Aspadol 100 mg tablet is used to treat moderate to severe pain.
|Active Ingredient||Tapentadol 100 mg|
|Starts In||30 min|
What is Tapentadol?
Tapentadol (Tapentadol) is an opioid pain medication. An opioid is sometimes called a narcotic.
Tapentadol is used to treat moderate to severe pain.
The extended-release form of Tapentadol is for around-the-clock treatment of pain that is not controlled by other medicines. It is not for use on an as-needed basis for pain.
Tapentadol may also be used for purposes not listed in this medication guide.
Tapentadol is an opioid. Opioids are narcotics. Tapentadol is a prescription pain reliever. Tapentadol extended-release (Nucynta ER) is used to treat chronic pain that is resistant to other treatments.
Common brand names: Tapal, Tydol, Nucynta, Palexia, Yantil, Tapenta, Aspadol,
Tapentadol® ER (Tapentadol) is indicated for the management of:
- pain severe enough to require daily, around-the-clock, long-term opioid treatment and for which alternative treatment options are inadequate
- neuropathic pain associated with diabetic peripheral neuropathy (DPN) in adults severe enough to require daily, around-the-clock, long-term opioid treatment, and for which alternative treatment options are inadequate.
Tapentadol Limitations of Usage
- Because of the risks of addiction, abuse, and misuse with opioids, even at recommended doses, and because of the greater risks of overdose and death with extended-release opioid formulations, reserve Tapentadol® ER for use in patients for whom alternative treatment options (e.g., non-opioid analgesics or immediate-release opioids) are ineffective, not tolerated, or would be otherwise inadequate to provide sufficient management of pain.
- Tapentadol® ER is not indicated as an as-needed (prn) analgesic.
Tapentadol for Palexia
Tapentadol – the active substance in PALEXIA – is a strong painkiller that belongs to opioids. PALEXIA is used in adults to treat moderate to severe pain of recent onset that can only be adequately managed with an opioid painkiller.
How should I use Tapentadol?
Use Tapentadol extended-release tablets as directed by your doctor. Check the label on the medicine for exact dosing instructions.
- Tapentadol extended-release tablets come with an extra patient information sheet called a Medication Guide. Could you read it carefully? Reread it each time you get Tapentadol extended-release tablets refilled.
- Take Tapentadol extended-release tablets by mouth with or without food. If stomach upset occurs, take with food to reduce stomach irritation.
- Tapentadol extended-release tablets must only be taken by mouth. Do not inject or snort Tapentadol extended-release tablets.
- Do not swallow more than 1 tablet at a time. If your dose requires more than 1 tablet, take only 1 tablet at a time.
- Swallow Tapentadol extended-release tablets whole. Do not break, cut, crush, chew, or dissolve the tablet before swallowing it. Contact your doctor if you cannot swallow Tapentadol extended-release tablets whole.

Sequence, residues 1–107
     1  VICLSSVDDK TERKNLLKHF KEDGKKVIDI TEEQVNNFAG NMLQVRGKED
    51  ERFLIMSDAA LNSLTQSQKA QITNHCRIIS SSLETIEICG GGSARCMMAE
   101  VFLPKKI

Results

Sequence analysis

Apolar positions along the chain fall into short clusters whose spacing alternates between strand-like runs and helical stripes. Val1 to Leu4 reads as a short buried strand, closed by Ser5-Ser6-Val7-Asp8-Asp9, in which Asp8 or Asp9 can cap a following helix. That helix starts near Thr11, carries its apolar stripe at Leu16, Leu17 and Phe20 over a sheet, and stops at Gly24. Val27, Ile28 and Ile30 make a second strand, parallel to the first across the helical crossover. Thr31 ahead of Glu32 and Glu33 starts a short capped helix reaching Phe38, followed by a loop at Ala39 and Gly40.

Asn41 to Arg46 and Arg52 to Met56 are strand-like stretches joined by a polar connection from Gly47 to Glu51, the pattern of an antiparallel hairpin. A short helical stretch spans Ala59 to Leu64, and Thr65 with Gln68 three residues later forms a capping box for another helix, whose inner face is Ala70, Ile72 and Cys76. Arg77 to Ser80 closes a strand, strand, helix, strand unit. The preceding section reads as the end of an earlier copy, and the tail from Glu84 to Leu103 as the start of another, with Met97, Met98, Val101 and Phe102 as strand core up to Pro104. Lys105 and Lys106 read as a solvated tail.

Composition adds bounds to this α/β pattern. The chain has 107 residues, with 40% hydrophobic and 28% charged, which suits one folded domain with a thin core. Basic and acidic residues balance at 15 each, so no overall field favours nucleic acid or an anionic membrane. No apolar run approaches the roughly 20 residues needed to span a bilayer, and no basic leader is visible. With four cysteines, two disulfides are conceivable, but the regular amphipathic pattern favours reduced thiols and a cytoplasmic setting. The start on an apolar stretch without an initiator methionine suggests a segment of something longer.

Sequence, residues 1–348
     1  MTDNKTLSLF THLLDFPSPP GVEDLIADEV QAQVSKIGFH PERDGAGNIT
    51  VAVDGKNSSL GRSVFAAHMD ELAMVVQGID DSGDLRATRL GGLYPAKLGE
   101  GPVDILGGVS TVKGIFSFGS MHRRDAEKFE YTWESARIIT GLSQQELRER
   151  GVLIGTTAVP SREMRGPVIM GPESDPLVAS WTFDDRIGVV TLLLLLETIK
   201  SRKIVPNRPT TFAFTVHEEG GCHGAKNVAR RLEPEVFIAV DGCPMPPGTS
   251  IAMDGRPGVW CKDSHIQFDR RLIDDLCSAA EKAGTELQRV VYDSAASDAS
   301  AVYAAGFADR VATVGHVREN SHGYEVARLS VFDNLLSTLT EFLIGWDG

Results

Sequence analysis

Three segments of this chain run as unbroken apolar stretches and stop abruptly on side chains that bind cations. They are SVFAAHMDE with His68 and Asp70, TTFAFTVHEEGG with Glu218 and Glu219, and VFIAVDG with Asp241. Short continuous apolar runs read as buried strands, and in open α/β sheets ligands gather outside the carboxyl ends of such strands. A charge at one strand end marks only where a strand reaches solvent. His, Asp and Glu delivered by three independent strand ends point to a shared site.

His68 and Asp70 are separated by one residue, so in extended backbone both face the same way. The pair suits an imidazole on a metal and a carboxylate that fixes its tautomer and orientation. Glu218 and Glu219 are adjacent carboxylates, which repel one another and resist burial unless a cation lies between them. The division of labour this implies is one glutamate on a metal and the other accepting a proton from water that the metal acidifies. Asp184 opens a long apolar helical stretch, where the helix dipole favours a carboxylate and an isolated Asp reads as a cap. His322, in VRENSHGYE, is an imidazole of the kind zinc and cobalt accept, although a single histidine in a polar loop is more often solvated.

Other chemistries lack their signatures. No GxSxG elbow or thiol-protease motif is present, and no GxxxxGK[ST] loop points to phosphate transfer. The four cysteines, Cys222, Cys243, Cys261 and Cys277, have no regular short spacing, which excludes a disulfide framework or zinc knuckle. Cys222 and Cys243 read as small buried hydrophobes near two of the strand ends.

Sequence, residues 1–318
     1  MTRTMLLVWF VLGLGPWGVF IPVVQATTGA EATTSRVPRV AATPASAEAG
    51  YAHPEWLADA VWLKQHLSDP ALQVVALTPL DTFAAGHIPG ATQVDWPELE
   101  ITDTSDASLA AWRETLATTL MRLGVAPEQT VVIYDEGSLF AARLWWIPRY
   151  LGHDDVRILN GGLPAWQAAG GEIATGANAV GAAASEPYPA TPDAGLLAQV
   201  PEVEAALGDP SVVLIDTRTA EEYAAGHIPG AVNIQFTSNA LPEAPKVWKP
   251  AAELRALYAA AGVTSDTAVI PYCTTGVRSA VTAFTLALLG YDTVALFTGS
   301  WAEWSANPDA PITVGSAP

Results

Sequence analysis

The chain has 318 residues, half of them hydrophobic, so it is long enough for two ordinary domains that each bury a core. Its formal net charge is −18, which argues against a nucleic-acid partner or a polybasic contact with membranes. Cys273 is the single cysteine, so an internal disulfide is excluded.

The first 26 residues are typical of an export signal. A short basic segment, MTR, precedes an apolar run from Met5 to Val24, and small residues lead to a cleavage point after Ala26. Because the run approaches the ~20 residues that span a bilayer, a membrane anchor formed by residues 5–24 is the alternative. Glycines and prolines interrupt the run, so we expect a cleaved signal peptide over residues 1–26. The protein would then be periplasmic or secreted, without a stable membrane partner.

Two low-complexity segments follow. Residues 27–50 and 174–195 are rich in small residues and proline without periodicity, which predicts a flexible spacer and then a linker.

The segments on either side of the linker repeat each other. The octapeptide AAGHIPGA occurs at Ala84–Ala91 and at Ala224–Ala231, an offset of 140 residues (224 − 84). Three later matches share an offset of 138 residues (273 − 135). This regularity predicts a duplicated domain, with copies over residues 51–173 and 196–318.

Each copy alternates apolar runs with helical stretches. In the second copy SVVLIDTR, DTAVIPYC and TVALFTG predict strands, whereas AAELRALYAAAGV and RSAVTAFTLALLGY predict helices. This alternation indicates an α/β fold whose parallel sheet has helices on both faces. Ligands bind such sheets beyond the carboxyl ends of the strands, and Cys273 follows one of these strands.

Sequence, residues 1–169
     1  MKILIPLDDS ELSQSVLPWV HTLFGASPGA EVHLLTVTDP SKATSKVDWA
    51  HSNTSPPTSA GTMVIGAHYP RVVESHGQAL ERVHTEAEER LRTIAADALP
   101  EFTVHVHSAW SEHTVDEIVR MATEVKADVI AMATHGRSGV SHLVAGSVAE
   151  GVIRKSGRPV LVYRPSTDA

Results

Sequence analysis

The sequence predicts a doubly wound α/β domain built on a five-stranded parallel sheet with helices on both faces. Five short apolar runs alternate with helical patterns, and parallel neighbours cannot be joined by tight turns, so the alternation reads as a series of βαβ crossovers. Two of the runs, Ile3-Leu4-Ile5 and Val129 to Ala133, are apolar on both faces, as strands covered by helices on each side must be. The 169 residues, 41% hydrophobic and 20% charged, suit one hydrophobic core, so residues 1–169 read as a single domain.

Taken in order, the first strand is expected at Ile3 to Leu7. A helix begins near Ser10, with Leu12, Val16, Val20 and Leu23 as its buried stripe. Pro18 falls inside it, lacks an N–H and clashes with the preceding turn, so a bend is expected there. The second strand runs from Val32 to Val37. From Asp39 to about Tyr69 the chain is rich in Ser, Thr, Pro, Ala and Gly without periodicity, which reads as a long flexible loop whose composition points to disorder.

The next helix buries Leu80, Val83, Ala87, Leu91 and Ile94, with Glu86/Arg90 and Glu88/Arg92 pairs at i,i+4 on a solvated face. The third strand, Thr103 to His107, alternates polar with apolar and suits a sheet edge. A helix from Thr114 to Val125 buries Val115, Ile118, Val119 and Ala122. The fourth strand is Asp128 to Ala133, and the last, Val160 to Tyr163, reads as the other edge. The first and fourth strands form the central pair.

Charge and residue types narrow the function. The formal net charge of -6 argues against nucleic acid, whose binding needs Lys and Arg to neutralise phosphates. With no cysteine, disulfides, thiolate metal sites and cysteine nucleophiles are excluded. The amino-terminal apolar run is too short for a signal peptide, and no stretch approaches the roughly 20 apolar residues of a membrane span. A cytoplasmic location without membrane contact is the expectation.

- Do not presoak, lick, or wet the tablet before you place it in your mouth. Take each tablet with enough water to be sure that it can be completely swallowed immediately after placing it in your mouth.
- Do not suddenly stop taking Tapentadol extended-release tablets. You may have an increased risk of withdrawal symptoms (e.g., nausea, vomiting, diarrhea, anxiety, shivering). If you need to stop Tapentadol extended-release tablets, your doctor will gradually lower your dose.
- Tapentadol extended-release tablets work best if it is taken at the same time(s) each day. Do not miss any doses.
- If you miss a dose of Tapentadol extended-release tablets, take it as soon as possible. If it is almost time for your next dose, skip the missed dose and go back to your regular dosing schedule. Do not take 2 doses at once. Do not take more than your prescribed dose in 24 hours.
Ask your health care provider any questions you may have about how to use Tapentadol extended-release tablets.
Tapentadol® oral solution is available in one concentration: 20 mg/mL.
Take care when prescribing and administering Tapentadol® oral solution to avoid dosing errors, which could result in accidental overdose and death. Take care to ensure the proper dose is communicated and dispensed. Include the dose in milliliters (mL) and milligrams (mg) when writing prescriptions. Always use the enclosed calibrated oral syringe when administering Tapentadol® oral solution to ensure the dose is measured and administered accurately.
Individualization Of Dosage
As with any opioid drug product, adjust the dosing regimen individually, taking into account the patient’s prior analgesic treatment experience. In the selection of the initial dose of Tapentadol, give attention to the following: